"Well, somebody will want it," says the merchandise buyer. True, perhaps, but how to connect the two? What are the odds that one of those people who needs that item will happen to drive by that store and decide to walk inside. Even if that happens, what are the odds that the item will be displayed right then or that the customer would even notice it? Local inventory search, once enough products are in its clutches, has massive potential.
Before that can happen, there are quite a few cost issues that have to be dealt with. Even though some services are offering to accept the feeds from retailers for free, the cost of getting their product databases in shape to offer this kind of feed is overwhelming. "What does it cost a small independent retailer to take advantage of that service?" asked Dan Butler, the VP/Retail Operations for the National Retail Federation. "Many of them struggle to just keep their sites up and running."
Technically, a retailer wouldn't have to have a Web site to use such a service. But Butler found that quite unlikely. "If they have don't a site, they wouldn't have the mindset" to organize, catalogue and keep all of their product info current.
For that and 50 other reasons, there's little debate that the smaller merchants will be the last to get involved in local inventory search. "For one thing, there's a certain amount of activity that is happening with the larger retailers, a more robust API system that allows them to more easily deliver that kind of information," said Ron Levi, VP of product at TheFind.com, which specializes in Web product search.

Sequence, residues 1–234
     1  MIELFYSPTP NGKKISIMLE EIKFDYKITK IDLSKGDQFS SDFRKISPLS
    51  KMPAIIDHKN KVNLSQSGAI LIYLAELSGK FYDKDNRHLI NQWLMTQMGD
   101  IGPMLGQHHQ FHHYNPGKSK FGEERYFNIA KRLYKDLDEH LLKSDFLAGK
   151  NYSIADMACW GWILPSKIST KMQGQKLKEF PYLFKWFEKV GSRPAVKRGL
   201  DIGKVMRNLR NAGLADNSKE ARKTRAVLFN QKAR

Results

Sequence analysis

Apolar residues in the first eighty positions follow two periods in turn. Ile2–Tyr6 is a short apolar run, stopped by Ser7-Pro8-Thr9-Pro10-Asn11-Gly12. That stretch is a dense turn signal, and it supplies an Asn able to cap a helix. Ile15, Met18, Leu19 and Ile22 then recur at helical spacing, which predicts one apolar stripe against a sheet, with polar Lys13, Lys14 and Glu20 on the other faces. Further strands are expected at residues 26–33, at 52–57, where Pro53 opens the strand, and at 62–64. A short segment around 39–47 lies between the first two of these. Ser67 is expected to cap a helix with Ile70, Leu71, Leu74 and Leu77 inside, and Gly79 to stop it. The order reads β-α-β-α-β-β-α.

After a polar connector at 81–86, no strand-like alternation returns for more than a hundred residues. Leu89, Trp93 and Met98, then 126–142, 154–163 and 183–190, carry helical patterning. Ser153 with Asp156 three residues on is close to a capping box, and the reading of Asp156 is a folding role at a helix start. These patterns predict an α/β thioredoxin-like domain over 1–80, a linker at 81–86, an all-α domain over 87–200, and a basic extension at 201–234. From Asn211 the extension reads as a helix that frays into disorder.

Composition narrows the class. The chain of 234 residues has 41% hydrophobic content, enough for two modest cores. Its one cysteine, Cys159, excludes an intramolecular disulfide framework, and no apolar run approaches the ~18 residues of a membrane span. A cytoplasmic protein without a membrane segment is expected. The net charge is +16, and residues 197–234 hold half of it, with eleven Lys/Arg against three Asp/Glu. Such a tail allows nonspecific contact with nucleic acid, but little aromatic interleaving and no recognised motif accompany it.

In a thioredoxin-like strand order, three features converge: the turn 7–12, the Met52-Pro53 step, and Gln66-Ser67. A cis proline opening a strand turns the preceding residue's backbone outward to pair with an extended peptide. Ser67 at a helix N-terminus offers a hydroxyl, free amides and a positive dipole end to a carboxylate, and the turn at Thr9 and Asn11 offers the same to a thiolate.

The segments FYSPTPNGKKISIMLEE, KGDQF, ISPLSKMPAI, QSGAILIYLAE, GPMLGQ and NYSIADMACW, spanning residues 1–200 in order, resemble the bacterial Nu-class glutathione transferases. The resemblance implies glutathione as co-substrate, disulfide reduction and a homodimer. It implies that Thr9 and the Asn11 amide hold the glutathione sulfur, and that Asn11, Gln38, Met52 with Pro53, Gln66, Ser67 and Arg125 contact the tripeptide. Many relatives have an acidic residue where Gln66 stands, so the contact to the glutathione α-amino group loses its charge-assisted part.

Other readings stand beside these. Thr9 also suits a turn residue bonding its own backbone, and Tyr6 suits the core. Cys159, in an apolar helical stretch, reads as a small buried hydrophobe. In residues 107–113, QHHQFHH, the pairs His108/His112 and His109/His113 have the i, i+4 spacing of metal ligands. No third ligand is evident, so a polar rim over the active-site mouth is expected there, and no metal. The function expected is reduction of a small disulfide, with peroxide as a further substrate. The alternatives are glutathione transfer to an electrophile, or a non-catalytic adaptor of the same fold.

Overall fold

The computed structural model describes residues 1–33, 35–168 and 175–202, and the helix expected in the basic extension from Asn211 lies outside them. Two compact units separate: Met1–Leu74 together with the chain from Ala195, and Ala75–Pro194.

Levi's own engine is also just toying with this kind of information. "It's limited. It's not been extended to all inventory, and it's not perfectly accurate. But it's a step in the right direction," Levi said.
Even if you were to combine all of the products searched by Google and other search engines, it barely would cover one-thousandth of one percent of the products in the inventory of the major retailers plus millions of not-so-major retailers. How much would a consumer be willing to pay if your software discovered the specific product they sought was a mere 10 minutes away, if they only knew where to look?
To make this capability viable and truly useful to residents of one region (defined as, perhaps, an area within a 45-minute to a one-hour drive), the engines would have to realize at least a one- and perhaps a two-percent complete database. More is better. But once the one-percent barrier is broken, the chance of actually finding the desired item becomes relatively likely.
Levi suggests that some products will be very difficult to catalogue without a lot of manual typing--items such as handmade goods, custom clothing, bait and tackle, etc. "Most of those are not going to have a UPC. That makes it a much greater challenge to normalize them," he said.